IEA - Give train operators flexibility in fare pricing to remove burden on taxpayer
The liberalisation of rail fares would benefit passengers and taxpayers alike.
Government regulation through inflexible pricing of fares is to blame for the severe overcrowding experienced by rail passengers. The existence of fare regulation has undermined the ability of train companies to tempt passengers into changing their travelling habits to dampen demand for the busiest routes, pushing up the costs to the taxpayer.
In Fair Deal for the Taxpayer: Why rail fares should be liberalised, Dr Richard Wellings calls for price controls on rail fares to be phased out, allowing train operating companies the freedom to offer far more flexibility in pricing in order to make better use of spare capacity on trains.
By rejecting plans to introduce ‘super-peak’ fares on political rather than economic grounds, politicians have missed an opportunity to solve congestion problems. Such a policy would help ease pressure on commuter routes.
Problems with fare regulation:
- The harmful effects of fare regulation have been made worse by the pegging of rail fares to the Retail Prices Index. If rail industry costs rise at a faster rate than inflation, the taxpayer is left to make up the difference.
- The existence of price controls has artificially pushed up demand for certain services, fuelling political pressure for large scale infrastructure projects that are costly to the taxpayer.
The case for liberalising rail fares:
- Capacity: The removal of price controls would reduce overcrowding, as train companies would have more freedom to offer passengers a better deal if they chose to travel at less popular times. Currently, rail users on long distance services wait until just after peak time ends, in order to take advantage of the immediate drop in price. A similar problem exists on commuter lines, with severe congestion occurring during the peak hour as passengers pay the same regardless of the time they travel.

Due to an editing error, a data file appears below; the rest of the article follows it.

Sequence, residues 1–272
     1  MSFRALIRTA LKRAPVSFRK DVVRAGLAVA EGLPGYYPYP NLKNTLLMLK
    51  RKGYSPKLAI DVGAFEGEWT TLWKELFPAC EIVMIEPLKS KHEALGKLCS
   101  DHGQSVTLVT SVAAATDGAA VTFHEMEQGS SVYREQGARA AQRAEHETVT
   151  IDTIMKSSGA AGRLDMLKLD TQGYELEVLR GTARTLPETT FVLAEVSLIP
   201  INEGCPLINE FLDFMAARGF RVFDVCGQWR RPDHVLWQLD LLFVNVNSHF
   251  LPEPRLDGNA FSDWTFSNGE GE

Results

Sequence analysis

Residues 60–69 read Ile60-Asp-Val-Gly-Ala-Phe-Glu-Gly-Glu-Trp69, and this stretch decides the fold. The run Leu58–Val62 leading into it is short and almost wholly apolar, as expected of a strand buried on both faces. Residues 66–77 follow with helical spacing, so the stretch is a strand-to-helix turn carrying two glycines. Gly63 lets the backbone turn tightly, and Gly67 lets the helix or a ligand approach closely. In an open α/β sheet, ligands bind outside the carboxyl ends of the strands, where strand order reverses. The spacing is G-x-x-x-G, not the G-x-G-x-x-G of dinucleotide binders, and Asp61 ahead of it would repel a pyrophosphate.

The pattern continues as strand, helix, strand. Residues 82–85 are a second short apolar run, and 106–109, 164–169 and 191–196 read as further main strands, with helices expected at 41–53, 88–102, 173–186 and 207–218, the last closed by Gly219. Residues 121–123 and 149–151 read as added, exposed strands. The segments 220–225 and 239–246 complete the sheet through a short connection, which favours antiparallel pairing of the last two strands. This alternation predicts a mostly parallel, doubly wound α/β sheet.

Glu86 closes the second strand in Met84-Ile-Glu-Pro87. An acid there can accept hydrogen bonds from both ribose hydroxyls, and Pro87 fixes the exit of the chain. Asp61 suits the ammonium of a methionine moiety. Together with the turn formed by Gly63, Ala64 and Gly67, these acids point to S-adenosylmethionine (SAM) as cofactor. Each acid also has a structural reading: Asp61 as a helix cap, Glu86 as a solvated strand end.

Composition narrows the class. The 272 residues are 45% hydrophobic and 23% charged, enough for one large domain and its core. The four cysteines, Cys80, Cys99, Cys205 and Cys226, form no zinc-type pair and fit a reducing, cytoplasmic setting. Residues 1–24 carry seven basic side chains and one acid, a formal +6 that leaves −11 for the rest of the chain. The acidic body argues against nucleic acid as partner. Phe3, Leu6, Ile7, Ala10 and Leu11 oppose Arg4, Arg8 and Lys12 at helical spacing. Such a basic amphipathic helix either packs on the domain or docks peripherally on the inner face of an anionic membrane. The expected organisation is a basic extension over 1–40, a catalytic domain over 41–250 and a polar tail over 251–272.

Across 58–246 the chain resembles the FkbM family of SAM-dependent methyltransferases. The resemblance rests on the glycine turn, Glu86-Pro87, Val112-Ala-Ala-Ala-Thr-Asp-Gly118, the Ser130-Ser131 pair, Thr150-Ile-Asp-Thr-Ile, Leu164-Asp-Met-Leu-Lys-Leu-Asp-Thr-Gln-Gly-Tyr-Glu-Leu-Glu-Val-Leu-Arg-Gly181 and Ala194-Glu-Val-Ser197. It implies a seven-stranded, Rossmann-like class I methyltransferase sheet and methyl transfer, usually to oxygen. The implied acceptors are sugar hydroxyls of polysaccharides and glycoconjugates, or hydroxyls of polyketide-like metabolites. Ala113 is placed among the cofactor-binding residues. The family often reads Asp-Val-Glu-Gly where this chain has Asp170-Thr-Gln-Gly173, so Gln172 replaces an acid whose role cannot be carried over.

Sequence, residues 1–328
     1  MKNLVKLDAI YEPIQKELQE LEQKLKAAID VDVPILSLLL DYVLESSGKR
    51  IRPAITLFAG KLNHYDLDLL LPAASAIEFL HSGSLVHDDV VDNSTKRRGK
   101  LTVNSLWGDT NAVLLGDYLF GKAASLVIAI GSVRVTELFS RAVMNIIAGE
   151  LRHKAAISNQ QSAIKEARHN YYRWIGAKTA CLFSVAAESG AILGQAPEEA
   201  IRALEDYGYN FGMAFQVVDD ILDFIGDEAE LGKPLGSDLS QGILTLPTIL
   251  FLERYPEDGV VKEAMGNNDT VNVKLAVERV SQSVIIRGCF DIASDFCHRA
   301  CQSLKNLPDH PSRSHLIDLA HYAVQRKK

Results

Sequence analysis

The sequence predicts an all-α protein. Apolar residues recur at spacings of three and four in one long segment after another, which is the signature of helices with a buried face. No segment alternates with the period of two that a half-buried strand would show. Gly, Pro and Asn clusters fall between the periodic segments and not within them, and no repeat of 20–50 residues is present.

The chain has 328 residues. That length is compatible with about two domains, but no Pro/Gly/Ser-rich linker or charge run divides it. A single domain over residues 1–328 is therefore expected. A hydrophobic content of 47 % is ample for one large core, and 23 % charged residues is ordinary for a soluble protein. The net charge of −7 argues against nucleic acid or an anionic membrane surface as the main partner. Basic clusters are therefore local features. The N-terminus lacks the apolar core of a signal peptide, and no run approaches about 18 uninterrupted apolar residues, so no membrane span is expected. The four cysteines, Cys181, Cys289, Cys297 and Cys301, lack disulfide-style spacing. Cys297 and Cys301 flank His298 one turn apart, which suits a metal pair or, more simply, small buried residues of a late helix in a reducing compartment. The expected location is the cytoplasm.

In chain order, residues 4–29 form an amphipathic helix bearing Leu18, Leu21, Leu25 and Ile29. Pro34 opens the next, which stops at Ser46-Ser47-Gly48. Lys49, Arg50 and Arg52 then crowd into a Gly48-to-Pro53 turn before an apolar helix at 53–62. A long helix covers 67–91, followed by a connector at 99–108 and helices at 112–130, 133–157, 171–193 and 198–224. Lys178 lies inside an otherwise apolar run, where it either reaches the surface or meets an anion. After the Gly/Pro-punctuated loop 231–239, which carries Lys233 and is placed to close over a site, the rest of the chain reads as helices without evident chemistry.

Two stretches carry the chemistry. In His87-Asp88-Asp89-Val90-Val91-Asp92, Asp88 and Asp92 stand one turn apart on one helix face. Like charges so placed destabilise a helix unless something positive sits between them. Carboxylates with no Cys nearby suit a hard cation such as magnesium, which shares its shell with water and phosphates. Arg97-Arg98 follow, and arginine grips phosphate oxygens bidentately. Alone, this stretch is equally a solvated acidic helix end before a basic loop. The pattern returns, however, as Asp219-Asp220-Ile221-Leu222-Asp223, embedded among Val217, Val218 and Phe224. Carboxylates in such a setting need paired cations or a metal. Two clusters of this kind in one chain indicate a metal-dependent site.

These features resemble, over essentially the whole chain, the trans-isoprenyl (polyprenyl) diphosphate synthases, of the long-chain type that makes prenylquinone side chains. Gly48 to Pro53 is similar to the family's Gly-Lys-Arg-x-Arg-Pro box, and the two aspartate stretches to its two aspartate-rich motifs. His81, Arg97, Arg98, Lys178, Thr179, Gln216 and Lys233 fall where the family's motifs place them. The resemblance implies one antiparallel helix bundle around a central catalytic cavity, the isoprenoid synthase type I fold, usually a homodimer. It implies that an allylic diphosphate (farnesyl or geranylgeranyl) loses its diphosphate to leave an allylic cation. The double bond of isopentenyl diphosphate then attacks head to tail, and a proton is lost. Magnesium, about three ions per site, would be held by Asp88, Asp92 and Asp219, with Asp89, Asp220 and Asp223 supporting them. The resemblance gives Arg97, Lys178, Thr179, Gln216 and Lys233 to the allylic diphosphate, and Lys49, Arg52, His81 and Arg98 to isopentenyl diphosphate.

- Contestability: Rail passengers are not at risk of being exploited by train companies. Contrary to popular belief, healthy competition exists in the transport sector as well as between rail firms. Passengers wanting to travel between London and Birmingham for example, have the choice of three train service providers as well as express coaches. Advancements in communication technology, such as Skype and tablets, have also increased the options available.
- Vested interests: Rail companies benefit considerably from the distortions caused by fare regulation. There are often significant financial gains from further state funded infrastructure projects.
- Burden on the taxpayer: The cost to the taxpayer of propping up the rail network is around £6 billion a year, accounting for 40 per cent of all spending by the rail industry. Giving firms greater flexibility over prices could make improvements to the rail network commercially viable, reducing the industry’s dependence on government support and lowering the cost to the taxpayer.
Commenting on the report, Dr Richard Wellings, Head of Transport at the Institute of Economic Affairs, said:
“Rail passengers and taxpayers continue to be left out of pocket thanks to the continual intervention of politicians in the sector. Far from protecting rail users, price controls have distorted demand, leading to intense overcrowding on certain routes whilst other services are left underused.